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It’s difficult to explain to people what a typical day is like working on a ship here in Baja. If you were to read my journal, or look at my pictures, one might think I spend all day relaxing on a beach, watching whales, or taking photos of dolphins.

What you don’t know is that I work twelve hours a day-everyday. This gives me the chance to experience the wonderful wildlife and play on the gorgeous desert islands. Generally, I keep myself very busy with the boat operations and up keep. But when there is good wildlife, I set down my angle grinder and pick up my camera. When I’m off shift, I take off my uniform and head to the beach.
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Each day has been remarkable enough to deserve its own chapter. But, I’m not writing a book. It’s difficult to make time to write when there is so much to experience just outside that door.

The pictures that follow are this week’s featured bouquet. My days have been awesome from sunrise to sunset.

Sunrise Over Mexico
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Bow Riding Dolphins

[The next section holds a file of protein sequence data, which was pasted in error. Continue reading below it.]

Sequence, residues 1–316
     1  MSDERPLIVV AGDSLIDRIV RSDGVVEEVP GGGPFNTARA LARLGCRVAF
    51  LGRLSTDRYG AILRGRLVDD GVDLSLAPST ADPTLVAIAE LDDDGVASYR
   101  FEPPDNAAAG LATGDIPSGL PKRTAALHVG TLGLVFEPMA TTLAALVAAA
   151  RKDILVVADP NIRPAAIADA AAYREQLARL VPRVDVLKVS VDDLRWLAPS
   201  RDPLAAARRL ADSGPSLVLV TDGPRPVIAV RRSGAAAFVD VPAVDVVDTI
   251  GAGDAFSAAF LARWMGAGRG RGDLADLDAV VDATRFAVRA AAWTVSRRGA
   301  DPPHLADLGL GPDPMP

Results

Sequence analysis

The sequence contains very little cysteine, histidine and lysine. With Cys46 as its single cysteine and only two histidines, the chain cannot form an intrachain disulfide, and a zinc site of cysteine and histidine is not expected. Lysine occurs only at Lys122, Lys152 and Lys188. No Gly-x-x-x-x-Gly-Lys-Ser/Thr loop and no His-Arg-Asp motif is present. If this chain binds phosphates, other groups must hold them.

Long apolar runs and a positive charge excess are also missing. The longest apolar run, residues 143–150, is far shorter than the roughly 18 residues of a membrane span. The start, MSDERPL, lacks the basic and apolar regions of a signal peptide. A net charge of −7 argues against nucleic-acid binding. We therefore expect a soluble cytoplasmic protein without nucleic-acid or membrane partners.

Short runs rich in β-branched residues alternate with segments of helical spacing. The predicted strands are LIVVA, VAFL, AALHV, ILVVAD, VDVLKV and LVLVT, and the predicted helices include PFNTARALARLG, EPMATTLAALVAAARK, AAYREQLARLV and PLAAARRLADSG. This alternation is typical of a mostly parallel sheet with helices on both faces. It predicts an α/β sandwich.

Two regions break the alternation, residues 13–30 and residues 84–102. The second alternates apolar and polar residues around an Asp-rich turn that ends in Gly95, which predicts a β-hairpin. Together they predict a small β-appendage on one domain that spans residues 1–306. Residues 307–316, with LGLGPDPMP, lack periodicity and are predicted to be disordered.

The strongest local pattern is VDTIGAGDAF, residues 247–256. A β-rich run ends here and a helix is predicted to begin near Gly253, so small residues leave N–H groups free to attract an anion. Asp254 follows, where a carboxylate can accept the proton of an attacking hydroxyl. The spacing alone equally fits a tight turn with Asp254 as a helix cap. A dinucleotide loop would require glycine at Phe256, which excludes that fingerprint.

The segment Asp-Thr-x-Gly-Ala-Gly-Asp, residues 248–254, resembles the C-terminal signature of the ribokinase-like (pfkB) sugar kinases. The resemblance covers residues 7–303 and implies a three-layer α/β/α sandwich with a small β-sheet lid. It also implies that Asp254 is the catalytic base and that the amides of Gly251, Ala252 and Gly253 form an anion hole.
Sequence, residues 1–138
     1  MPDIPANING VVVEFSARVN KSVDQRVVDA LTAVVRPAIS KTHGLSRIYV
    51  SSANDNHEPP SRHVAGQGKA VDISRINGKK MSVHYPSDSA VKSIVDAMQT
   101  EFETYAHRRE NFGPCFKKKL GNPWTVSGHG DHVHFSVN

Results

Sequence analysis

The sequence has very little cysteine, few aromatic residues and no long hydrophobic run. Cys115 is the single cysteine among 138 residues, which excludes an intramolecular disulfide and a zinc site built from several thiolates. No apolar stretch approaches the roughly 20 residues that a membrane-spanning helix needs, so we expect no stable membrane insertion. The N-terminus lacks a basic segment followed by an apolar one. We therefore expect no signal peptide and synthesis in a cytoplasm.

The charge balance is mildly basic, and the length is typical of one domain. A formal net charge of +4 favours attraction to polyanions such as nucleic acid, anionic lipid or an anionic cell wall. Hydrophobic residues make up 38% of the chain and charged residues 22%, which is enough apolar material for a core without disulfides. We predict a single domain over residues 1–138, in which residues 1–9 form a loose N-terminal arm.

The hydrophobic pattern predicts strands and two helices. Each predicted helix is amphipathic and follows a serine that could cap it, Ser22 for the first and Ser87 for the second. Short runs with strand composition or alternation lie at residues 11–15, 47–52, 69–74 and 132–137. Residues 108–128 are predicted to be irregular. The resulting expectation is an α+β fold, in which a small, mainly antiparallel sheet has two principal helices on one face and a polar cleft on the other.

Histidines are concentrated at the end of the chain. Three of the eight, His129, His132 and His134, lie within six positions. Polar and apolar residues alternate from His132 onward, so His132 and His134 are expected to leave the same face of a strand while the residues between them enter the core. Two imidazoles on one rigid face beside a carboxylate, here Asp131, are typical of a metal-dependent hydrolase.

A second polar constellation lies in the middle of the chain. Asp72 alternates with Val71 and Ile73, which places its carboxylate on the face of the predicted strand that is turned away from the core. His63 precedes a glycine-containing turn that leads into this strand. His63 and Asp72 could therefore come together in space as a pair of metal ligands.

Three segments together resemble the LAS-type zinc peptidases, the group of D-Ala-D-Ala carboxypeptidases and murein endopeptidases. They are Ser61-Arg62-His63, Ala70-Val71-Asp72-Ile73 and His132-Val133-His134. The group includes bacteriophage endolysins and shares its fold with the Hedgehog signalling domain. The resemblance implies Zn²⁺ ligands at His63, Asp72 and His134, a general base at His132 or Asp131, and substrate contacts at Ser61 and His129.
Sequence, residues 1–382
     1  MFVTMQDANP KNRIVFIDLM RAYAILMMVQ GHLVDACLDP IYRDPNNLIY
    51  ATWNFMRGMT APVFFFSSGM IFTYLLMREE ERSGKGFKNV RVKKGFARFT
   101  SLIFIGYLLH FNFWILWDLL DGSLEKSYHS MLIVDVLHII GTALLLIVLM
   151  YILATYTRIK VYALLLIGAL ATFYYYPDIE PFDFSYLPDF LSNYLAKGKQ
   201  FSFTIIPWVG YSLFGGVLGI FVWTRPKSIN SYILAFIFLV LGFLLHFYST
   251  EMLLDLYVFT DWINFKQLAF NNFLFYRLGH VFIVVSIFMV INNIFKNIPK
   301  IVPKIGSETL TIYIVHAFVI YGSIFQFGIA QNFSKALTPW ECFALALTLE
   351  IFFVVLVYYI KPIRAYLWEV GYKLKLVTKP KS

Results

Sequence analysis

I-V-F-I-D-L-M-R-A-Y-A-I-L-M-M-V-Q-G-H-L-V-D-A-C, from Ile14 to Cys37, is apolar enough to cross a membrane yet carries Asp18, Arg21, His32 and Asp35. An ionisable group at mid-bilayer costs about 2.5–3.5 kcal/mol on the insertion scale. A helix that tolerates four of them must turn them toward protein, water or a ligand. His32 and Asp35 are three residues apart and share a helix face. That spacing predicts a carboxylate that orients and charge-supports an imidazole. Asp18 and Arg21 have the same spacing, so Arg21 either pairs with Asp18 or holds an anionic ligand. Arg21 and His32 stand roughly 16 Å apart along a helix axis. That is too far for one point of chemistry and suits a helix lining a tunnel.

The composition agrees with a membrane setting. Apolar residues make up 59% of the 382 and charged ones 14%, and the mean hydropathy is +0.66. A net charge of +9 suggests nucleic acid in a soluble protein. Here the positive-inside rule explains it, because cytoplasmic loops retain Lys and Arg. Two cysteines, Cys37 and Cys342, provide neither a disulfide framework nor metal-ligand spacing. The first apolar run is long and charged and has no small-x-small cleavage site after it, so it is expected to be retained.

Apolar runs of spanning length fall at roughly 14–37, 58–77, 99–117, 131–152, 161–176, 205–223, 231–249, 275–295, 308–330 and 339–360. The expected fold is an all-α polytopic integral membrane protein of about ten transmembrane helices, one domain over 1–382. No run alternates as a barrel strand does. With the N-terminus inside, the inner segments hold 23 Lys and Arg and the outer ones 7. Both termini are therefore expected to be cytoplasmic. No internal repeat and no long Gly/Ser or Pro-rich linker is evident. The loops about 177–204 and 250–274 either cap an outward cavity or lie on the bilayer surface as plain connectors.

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Land’s End
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Dolphins in Flight
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Humpback Whales near The Gorda Banks
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These humpback whales breached dozens off times in a three-hour period. The food was plentiful. They would rise half way out of the water and fall atop the bait ball with a tremendous splash. Then they would eat the stunned baitfish.
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Fin Whales
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What you are looking at here is a fin whale just beneath the surface of the water. You can see a thin white line just below and right of the spout. This is the right side of the mouth of the fin whale. The left side doesn’t have this coloration.